Although you'll find yourself in deep trouble if you try to propagate your own African violets from a Patented strain of the plants, it's entirely acceptable for you to propagate the flowers from any of the unpatented varieties. You'll also increase the profitability of your operation if you "grow yery own" starts, instead of purchase them.
It's not difficult to propagate violets from cuttings. Simply cut a leaf-stem and all-from one of the plants with a sharp knife, place it in a dish, and cover the stem with water. Then keep the stem covered with water and in dim light (on, say, a side bench next to your illuminated main bench). Roots should begin to form within a month.
Once there are several roots on the developing plant, place it in a two-inch pot filled with the same mixture of soil that's described in the accompanying article. Keep the medium slightly moist at all times. It may even be desirable to cover the container holding the soil and starter plant with clear plastic to "hold" the humidity and reduce the need for frequent watering.
Within three months, new little leaves will appear at the base of the "mother" leaf. When about four of the baby leaves have popped out, it's time to transplant the start into one of your larger pots. Gently knock and pry the little plant and its ball of soil loose, set them into one of the bigger containers that's been half-filled with growing medium, and fill in around the transplant (as described in the accompanying article) with more of the soil mix. Water, and keep the start slightly moist — but not wet — at all times.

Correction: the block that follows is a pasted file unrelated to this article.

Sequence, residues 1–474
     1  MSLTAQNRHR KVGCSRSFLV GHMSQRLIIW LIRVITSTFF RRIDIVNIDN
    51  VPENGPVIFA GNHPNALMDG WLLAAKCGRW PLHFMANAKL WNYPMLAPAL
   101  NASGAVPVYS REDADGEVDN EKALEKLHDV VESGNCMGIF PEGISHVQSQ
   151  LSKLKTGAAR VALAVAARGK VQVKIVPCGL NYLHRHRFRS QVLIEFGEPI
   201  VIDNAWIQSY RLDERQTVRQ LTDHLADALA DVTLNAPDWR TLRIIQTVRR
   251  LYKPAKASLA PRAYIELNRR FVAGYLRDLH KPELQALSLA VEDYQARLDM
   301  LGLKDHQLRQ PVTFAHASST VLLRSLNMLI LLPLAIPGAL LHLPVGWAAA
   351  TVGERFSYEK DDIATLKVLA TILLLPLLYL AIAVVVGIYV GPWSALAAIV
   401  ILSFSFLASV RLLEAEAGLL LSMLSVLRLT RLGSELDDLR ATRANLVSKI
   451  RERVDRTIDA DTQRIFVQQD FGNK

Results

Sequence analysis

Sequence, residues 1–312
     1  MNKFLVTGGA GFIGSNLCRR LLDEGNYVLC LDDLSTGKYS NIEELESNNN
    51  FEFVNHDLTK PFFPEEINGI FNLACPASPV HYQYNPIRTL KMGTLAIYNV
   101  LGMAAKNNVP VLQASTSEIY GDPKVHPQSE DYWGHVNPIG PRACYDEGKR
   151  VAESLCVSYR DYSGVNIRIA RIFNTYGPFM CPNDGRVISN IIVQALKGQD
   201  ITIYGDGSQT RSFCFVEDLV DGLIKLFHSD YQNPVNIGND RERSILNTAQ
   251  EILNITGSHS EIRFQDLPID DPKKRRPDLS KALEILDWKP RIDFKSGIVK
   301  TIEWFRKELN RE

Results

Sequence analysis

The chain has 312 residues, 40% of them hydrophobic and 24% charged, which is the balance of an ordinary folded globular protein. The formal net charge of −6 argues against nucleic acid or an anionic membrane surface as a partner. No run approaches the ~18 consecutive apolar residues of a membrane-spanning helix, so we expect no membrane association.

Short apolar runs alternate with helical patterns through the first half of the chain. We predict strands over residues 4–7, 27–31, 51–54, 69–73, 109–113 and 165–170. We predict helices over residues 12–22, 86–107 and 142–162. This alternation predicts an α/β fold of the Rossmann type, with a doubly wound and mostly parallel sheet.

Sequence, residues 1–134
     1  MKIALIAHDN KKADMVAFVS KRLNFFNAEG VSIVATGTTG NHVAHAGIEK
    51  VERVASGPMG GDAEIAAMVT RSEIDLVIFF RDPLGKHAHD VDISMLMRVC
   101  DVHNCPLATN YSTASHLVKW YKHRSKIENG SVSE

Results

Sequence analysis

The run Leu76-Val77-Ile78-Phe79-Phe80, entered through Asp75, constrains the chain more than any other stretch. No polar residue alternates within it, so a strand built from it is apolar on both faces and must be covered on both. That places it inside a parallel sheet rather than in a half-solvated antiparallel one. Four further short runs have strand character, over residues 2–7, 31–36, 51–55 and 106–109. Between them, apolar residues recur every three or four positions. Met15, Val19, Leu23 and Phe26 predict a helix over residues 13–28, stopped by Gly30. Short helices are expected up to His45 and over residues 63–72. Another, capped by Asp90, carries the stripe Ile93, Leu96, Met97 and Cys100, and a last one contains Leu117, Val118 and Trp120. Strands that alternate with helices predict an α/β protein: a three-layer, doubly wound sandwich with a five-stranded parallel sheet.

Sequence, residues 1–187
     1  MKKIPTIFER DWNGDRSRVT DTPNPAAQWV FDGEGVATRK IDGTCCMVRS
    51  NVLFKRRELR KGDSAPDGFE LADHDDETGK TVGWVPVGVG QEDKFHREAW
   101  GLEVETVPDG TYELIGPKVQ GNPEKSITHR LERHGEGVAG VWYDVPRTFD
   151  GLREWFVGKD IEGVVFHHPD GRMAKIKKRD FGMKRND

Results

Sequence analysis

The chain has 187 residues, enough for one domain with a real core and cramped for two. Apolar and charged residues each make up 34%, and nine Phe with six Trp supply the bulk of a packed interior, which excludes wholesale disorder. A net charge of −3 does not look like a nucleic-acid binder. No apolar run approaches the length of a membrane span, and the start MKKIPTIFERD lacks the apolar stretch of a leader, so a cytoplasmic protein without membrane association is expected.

It does take longer to propagate your own African violets from cuttings and raise them for market than it take$ to grow the plants from purchased starts. But, by "bringing the whole operation under your own roof", you can add another $460.80 per year to your profit picture for every 4 by 10-foot main bench of growing space In your nursery. It's up to you to decide if the extra money is worth the time and effort.
Read more about how to make money growing African violets: Raising African Violets for Profit.